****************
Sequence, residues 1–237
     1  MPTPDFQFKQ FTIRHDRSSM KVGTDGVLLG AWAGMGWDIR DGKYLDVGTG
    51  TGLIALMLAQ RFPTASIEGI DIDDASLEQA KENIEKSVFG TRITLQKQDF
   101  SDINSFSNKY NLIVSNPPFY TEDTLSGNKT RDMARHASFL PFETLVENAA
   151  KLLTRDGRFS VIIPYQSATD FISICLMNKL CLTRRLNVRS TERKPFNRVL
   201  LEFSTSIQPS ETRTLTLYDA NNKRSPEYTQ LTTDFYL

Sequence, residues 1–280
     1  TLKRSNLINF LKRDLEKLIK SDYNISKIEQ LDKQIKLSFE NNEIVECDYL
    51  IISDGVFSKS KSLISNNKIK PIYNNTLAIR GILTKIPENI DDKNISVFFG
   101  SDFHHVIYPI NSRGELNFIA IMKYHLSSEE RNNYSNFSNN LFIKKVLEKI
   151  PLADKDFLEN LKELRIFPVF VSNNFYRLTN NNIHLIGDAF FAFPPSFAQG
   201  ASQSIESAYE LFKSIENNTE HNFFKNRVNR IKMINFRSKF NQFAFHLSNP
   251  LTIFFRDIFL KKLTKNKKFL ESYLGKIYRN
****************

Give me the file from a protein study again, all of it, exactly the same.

Sequence, residues 1–237
     1  MPTPDFQFKQ FTIRHDRSSM KVGTDGVLLG AWAGMGWDIR DGKYLDVGTG
    51  TGLIALMLAQ RFPTASIEGI DIDDASLEQA KENIEKSVFG TRITLQKQDF
   101  SDINSFSNKY NLIVSNPPFY TEDTLSGNKT RDMARHASFL PFETLVENAA
   151  KLLTRDGRFS VIIPYQSATD FISICLMNKL CLTRRLNVRS TERKPFNRVL
   201  LEFSTSIQPS ETRTLTLYDA NNKRSPEYTQ LTTDFYL

Sequence, residues 1–280
     1  TLKRSNLINF LKRDLEKLIK SDYNISKIEQ LDKQIKLSFE NNEIVECDYL
    51  IISDGVFSKS KSLISNNKIK PIYNNTLAIR GILTKIPENI DDKNISVFFG
   101  SDFHHVIYPI NSRGELNFIA IMKYHLSSEE RNNYSNFSNN LFIKKVLEKI
   151  PLADKDFLEN LKELRIFPVF VSNNFYRLTN NNIHLIGDAF FAFPPSFAQG
   201  ASQSIESAYE LFKSIENNTE HNFFKNRVNR IKMINFRSKF NQFAFHLSNP
   251  LTIFFRDIFL KKLTKNKKFL ESYLGKIYRN